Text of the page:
The government will set out a “detailed, ambitious and precise” explanation of the UK’s position on the future relationship with the EU ahead of the critical summit at the end of June.
It’s expected to include the plan for a customs relationship that avoids re-establishing a hard border between Northern Ireland and the Republic.
David Davis, the Brexit secretary, told cabinet this morning that it would be the “most significant” publication on the EU since the referendum.
Although EU negotiators will not see the proposals in advance, it will be based on previous negotiations.
Nigel Farage, the former Ukip leader, has said he would be happy to visit the Irish border and listen to people’s views about Brexit.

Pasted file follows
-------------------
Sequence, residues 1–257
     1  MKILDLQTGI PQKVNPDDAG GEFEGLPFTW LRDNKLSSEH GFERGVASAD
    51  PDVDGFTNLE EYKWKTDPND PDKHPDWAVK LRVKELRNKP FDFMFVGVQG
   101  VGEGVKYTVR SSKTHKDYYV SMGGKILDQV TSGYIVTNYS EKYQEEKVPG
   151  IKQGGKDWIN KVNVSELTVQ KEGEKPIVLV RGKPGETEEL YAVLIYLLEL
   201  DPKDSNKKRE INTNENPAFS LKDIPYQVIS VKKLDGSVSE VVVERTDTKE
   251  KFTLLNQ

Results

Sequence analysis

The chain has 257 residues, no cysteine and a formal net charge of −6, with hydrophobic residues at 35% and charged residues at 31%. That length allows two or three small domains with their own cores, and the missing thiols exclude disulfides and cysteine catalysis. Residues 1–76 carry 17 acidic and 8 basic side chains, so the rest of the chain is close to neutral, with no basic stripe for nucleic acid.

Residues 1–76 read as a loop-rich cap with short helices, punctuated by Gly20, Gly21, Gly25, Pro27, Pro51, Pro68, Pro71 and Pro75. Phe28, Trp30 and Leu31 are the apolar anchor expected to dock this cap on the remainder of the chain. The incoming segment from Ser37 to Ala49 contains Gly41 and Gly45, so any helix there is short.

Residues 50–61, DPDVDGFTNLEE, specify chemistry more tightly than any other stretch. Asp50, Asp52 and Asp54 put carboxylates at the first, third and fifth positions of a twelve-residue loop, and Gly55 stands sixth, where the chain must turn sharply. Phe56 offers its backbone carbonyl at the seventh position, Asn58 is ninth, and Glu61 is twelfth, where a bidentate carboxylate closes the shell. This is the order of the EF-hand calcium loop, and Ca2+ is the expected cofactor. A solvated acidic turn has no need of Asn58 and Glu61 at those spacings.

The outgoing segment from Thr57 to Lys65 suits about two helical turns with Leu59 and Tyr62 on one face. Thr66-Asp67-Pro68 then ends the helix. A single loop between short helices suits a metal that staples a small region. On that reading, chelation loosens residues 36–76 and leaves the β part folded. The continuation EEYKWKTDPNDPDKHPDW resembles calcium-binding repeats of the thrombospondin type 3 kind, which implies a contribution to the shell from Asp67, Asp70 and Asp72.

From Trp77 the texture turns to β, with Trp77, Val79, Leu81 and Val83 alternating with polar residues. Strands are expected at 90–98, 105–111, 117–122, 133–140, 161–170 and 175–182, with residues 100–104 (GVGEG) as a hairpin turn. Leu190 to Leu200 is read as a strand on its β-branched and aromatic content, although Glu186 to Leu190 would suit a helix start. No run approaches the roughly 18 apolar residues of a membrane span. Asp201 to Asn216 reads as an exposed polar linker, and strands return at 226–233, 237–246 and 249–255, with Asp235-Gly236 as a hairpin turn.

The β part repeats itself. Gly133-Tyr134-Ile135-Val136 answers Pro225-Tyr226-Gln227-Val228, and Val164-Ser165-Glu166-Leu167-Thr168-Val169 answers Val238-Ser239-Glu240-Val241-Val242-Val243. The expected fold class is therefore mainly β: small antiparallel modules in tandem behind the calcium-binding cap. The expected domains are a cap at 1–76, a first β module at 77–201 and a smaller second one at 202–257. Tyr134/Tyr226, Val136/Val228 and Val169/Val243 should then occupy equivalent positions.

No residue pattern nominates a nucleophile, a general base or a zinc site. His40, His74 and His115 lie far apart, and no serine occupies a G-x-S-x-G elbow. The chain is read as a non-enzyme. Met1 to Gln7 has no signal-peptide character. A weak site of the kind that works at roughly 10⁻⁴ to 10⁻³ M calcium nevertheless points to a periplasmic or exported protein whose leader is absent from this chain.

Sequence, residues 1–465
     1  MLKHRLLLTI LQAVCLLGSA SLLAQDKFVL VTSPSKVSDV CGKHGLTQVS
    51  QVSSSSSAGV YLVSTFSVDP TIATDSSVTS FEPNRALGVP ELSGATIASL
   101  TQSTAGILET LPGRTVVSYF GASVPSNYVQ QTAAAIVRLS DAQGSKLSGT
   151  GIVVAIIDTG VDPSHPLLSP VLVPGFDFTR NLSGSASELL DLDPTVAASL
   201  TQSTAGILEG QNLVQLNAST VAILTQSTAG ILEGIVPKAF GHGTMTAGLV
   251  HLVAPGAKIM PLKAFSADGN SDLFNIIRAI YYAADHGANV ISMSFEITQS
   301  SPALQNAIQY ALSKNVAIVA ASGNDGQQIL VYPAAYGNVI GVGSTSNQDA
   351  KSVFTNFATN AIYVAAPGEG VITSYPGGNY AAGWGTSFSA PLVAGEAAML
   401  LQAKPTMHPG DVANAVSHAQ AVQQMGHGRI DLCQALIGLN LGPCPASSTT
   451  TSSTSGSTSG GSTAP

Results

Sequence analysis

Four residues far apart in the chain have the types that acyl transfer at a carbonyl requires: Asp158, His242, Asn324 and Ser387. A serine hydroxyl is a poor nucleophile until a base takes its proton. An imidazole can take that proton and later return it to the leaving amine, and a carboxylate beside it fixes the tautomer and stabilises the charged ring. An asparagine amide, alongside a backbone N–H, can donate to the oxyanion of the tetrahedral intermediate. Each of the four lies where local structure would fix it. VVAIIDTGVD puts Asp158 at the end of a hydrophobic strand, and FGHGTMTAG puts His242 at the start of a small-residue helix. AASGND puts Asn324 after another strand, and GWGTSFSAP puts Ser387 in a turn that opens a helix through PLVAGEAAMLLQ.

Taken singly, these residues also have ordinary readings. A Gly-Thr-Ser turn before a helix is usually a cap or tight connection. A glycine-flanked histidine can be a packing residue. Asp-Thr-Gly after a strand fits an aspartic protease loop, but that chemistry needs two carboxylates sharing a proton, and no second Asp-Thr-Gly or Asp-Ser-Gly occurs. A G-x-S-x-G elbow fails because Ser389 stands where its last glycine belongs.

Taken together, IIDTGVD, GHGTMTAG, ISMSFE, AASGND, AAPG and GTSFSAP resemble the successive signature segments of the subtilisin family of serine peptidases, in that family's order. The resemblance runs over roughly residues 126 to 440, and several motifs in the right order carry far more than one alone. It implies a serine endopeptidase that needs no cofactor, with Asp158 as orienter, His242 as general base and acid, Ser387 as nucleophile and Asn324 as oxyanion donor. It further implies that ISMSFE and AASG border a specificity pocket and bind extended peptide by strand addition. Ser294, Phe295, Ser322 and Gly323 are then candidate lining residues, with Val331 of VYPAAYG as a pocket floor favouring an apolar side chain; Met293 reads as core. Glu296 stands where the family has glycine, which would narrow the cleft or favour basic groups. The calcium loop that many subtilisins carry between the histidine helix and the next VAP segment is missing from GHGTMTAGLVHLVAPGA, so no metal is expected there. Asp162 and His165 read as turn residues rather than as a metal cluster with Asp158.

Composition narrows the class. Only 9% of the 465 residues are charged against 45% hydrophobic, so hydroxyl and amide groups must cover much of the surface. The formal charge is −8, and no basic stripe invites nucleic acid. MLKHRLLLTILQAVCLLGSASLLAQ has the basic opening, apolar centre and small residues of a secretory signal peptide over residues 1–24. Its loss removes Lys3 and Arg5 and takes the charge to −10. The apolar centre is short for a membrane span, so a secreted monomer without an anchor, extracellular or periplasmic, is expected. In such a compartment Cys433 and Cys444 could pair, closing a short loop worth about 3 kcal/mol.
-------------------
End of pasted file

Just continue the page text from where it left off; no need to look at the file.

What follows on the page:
In contrast to Brexiter Jacob Rees-Mogg, who recently said he would have little to gain by a visit to the region, Farage has just returned from a weekend in Northern Ireland with the DUP.
Ian Paisley MP
Great weekend in Ballymena with @Nigel_Farage @Arron_banks @andywigmore pic.twitter.com/MRTfz1fywV
May 13, 2018
The Guardian caught up with him after spotting him lunching in the Rotunda bar in the building which also houses the newspaper.
“The Good Friday agreement has nothing to do with it,” he said. “Leo Varadkar is not acting in the interests of Ireland but in the interests of the EU,” he said arguing that Theresa May had already “compromised” too much in December with the “backstop” arrangement for the border guaranteeing regulatory alignment on the island of Ireland. That allowed “the EU to hold us to ransom”, he said.
Farage argued that a hard border would now be inevitable in Ireland but that a compromise could be found.